Pros

  • Multiple exposure control modes with a variety of Apps
  • Touch screen focus control
  • Good auto white balance (AWB)
  • Custom white balance with some Apps
  • Controls accessed on touch screen
  • More compact than a DSLR, Mirrorless Compact Camera and Compact Camera
  • Good macro capability
  • Intuitive user interface
  • Multitude of image manipulation Apps available
  • Advanced connectivity for a camera! It’s a phone after all 😉
  • Compatible with Modahaus Steady Stands for overhead product photography
  • Compatible with Modahaus Tabletop Studios

Cons

  • Wide angle lens
  • No optical zoom
  • Exposure control is slightly limited compared to all above camera systems

Hot Tip

Smartphones with macro capability and a higher pixel count recommended. Use camera replacement Apps Camera+ for iPhone/iPad and Camera FV-5 for Android.

Wrap up

The new Samsung S4 with its 16 megapixel camera promises to be a real game changer for Smartphone product photography. This will mean you can use the digital zoom and still have a decent image resolution. Other camera system developments are interesting. Camera manufactures are starting to draw our attention to the importance of physical sensor size rather than just number of megapixels although there’s an element of marketing driving this.

An old adage ‘ The best camera, is the camera you have with you’ partly applies here. If you already have a camera and are unhappy with the results you’re achieving on your product photography then the camera is not necessarily the culprit. Adding bigger and brighter lights is unlikely to improve matters either. Essential for good product photography is a steady camera support such as a tripod (or a Steady Stand for compacts and Smartphones). You can use a multitude of lighting sources as shown in this product photography lighting guide. Controlling and diffusing your lighting is important. Choosing the right background and taking a few simple steps to control exposure will work wonders with your product photography.

You can visit our other Guides and Blog posts for more tips on product photography and the versatile Modahaus system. You may connect with us via RSS, Email signup, Twitter or Facebook to keep fully up to date.

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  • TQ Al

    Hi, and thank you for the good advice on how to solve this problem. I stoped reading after the DSLR, becous i sit with an 600D with an 18-55mm standard and a 50mm 1,4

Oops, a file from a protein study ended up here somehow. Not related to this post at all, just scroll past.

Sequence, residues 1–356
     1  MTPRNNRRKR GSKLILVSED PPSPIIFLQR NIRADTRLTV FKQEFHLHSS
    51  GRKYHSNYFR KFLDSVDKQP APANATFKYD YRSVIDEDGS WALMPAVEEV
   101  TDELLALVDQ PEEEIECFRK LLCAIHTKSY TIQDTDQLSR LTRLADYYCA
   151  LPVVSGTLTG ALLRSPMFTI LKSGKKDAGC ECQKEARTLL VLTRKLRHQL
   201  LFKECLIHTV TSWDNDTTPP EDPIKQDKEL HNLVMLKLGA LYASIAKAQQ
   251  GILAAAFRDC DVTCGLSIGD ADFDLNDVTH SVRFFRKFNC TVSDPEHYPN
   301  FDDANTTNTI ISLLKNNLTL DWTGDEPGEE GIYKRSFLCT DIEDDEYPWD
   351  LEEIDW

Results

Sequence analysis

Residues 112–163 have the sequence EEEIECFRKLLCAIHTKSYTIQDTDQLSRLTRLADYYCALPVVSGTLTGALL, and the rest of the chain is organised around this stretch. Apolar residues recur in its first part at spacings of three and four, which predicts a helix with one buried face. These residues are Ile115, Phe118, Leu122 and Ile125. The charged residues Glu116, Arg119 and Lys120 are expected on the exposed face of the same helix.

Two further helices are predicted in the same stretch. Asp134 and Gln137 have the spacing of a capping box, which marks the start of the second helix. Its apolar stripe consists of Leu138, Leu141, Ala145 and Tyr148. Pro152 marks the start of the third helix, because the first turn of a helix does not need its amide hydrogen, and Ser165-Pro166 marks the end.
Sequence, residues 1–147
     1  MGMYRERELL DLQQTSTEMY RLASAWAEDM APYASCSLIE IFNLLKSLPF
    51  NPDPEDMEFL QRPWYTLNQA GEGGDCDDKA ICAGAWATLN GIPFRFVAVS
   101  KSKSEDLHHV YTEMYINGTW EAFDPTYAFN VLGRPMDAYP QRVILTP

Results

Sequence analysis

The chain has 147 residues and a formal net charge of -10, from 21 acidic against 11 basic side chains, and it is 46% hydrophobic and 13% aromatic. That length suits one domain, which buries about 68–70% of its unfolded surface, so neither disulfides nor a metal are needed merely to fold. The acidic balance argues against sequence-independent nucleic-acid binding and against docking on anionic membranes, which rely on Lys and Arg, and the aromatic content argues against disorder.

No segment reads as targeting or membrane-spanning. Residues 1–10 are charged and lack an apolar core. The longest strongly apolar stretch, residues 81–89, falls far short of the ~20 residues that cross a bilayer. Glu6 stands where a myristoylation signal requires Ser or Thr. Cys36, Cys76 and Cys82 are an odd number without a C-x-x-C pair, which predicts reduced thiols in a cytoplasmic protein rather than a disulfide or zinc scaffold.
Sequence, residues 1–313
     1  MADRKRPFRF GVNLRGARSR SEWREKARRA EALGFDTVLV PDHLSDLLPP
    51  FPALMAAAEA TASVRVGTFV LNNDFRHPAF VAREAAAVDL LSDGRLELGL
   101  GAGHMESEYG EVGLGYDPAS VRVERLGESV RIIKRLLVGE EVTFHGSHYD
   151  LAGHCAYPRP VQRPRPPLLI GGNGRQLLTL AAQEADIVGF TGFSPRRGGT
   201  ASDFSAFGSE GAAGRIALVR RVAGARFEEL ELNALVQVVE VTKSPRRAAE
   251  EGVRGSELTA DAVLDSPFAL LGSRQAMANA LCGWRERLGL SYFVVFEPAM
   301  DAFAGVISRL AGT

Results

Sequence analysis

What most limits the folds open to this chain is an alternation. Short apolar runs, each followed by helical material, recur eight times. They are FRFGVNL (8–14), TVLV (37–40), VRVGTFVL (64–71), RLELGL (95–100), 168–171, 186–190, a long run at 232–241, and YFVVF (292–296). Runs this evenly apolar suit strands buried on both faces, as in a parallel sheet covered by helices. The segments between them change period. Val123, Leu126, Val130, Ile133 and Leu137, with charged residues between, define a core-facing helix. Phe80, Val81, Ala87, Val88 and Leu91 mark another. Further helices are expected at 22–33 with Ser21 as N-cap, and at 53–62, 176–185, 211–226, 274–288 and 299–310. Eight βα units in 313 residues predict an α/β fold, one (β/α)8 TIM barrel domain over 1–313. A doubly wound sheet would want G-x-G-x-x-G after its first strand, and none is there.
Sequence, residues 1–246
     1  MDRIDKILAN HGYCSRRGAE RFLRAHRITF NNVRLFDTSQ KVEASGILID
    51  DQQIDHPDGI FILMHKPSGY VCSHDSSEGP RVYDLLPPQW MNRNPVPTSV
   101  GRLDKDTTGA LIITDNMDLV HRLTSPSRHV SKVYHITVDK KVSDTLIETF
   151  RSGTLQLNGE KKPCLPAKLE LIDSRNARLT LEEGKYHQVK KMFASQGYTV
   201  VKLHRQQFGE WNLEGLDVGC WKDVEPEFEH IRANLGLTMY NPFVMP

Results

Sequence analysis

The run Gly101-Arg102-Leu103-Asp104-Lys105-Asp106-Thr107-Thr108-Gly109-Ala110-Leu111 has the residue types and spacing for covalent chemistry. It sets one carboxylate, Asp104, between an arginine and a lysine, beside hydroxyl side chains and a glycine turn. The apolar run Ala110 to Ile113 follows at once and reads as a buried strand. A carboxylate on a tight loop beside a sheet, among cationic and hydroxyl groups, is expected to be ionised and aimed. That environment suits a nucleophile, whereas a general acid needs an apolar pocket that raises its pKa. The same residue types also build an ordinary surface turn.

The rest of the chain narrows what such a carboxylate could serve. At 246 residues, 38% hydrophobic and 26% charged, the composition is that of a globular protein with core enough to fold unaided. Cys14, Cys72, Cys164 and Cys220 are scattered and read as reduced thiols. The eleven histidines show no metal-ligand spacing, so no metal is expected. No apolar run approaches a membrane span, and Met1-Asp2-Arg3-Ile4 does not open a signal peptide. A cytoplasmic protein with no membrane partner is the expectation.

Now im hoing to take pictures of leather bags/purses, jakets and different accesories. To be honest here im on my own, living in Iraq i dont have acces to other than what i have, since money dont come esy here. I dont have any experience but i have to start som were. I was thinking about building a simple light box and using my 50mm to make some closeups on 2,8 for cover photos. And making some nice and clear pictures for the product content with the same 50mm. Whats your opinion on that? Oh and thanks again, i love googling and finding exactly what im searching for. 🙂

  • modahaus

    Hi TQ Al, Thanks for your question. I know the 600D and the Canon 50mm f1.4 lens well. You should get great results with that. Shooting at f2.8 will give you a short depth of field which can be very effective to drawing the viewers eye to a particular point of detail. At 1.4 the lens produces distinct soft edges. The lens is at optimum sharpness between f5.6 and f8 and best to avoid using below f16 as diffraction softening creeps in. A great lens though. Anything you can use to soften direct light generally helps with product photography. Setting your camera to spot metering will help with better exposure and any kind of camera support should help eliminate camera movement. Setting ISO 100 will help eliminate image noise/grain creeping in. Hope that helps, Lex

  • futurperfect

    Just wondering if you could say who made that “necklace and bangle” above. Love that jewelry! Thank you.

  • Yoel Fink

    Hi. Thanks for the info and tips. I have recently encountered this app and tried it out – gives nice results in minimum time and effort –
    http://petapixel.com/2015/11/10/product-camera-is-a-camera-app-that-creates-photos-of-objects-on-white-backdrops/